The fact that God changes His treatment of us in response to our choices has nothing to do with His character. In fact, because God does not change, He must treat the righteous differently from the unrighteous. If someone repents, God consistently forgives; if someone refuses to repent, God consistently judges. He is unchanging in His nature, His plan, and His being. He cannot one day be pleased with the contrite and the next day be angry with the contrite. That would show Him to be mutable and untrustworthy. For God to tell Nineveh, “I’m going to judge you,” and then (after they repent) refuse to judge them may look like God changed His mind. In reality, God was simply staying true to His character. He loves mercy and forgives the penitent. “Has God forgotten to be merciful?” (Psalm 77:9). The answer is, no.

At one time we were all enemies of God due to our sin (Romans 8:7). God warned us of the wages of sin (Romans 6:23) in order to cause us to repent. When we repented and trusted Christ for salvation, God “changed His mind” about us, and now we are no longer enemies but His beloved children (John 1:12). As it would be contrary to God’s character to not punish us had we continued in sin, so it would be contrary to His character to punish us after we repent. Does our change of heart mean that God changes? No, if anything, our salvation points to the fact that God does not change, because had He not saved us for the sake of Christ, He would have acted contrary to His character.

Prophet Nathan Emol

CAN GOD LIE?

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God is holy (Isaiah 6:3), and that quality makes it impossible for Him to lie. The holiness of God is His moral and ethical perfection, His absolute integrity that sets Him apart from all His creatures. God’s holiness is thus related to His transcendence. God does not conform to any standard of purity; He is the standard. God is absolutely holy with an infinite purity incapable of being changed. Because of His holiness, when God speaks, He will not and cannot lie. He never deceives; He never distorts or misrepresents what He says or does. Lying is against His nature.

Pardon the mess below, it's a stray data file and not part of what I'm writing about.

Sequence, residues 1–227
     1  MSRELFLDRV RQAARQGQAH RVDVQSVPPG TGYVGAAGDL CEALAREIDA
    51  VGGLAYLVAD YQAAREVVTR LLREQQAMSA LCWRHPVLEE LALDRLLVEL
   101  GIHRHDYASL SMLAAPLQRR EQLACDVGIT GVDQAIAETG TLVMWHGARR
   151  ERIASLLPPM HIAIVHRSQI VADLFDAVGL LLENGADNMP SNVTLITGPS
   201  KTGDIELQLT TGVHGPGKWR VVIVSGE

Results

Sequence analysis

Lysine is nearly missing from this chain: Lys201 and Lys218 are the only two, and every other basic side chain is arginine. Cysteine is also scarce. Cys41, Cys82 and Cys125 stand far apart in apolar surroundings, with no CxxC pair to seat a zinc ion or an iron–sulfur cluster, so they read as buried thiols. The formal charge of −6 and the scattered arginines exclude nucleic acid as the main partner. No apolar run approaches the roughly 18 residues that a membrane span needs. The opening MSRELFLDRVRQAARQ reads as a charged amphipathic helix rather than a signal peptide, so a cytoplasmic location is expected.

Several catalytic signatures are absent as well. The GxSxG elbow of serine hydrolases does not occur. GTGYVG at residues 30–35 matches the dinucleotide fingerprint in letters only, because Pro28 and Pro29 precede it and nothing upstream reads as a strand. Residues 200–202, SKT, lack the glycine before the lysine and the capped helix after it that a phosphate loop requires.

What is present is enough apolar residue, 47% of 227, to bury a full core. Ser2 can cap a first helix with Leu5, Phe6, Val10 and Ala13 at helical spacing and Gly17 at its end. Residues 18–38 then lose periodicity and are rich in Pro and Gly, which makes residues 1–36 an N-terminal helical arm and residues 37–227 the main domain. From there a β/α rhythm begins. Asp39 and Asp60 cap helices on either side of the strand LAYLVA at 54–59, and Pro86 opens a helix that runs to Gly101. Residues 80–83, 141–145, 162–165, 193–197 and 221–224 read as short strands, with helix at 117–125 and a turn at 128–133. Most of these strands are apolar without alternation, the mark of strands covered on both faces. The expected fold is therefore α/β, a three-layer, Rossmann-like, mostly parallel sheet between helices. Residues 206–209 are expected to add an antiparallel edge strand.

Because God cannot lie, God’s Word, the Bible, is completely trustworthy (1 Kings 8:56; Psalm 119:160). “Every word of God is flawless” (Proverbs 30:5). God’s character and the communications that proceed from His character are purer than anything this world can produce: “The words of the LORD are flawless, like silver purified in a crucible, like gold refined seven times” (Psalm 12:6).

The basis of God’s promise to Abraham in Genesis 12 was God’s own unchanging nature; that is, God’s rock-solid attribute of truth makes everything He says utterly trustworthy: “Since there was no one greater for him to swear by, he swore by himself, saying, ‘I will surely bless you and give you many descendants’” (Hebrews 6:13-14). The text continues with the statement that “it is impossible for God to lie” (Hebrews 6:18).

If God could lie, He would not be transcendent; in fact, He would be just like us—humanity has a reputation for hiding, misrepresenting, and distorting truth. But “God is not a man, that he should lie, nor a son of man, that he should change his mind. Does he speak and then not act? Does he promise and not fulfill?” (Numbers 23:19).

From the very beginning, God has rewarded faith in Him (Genesis 15:6; Hebrews 11:6). Faith, or trust, can only be a good thing if its object is worthy of trust. Faith in an unreliable person or thing is a disadvantage. If God could lie, then His words would be suspect, and He would be unworthy of our trust. But, as it is, He is wholly dependable: “The works of his hands are faithful and just; all his precepts are trustworthy” (Psalm 111:7).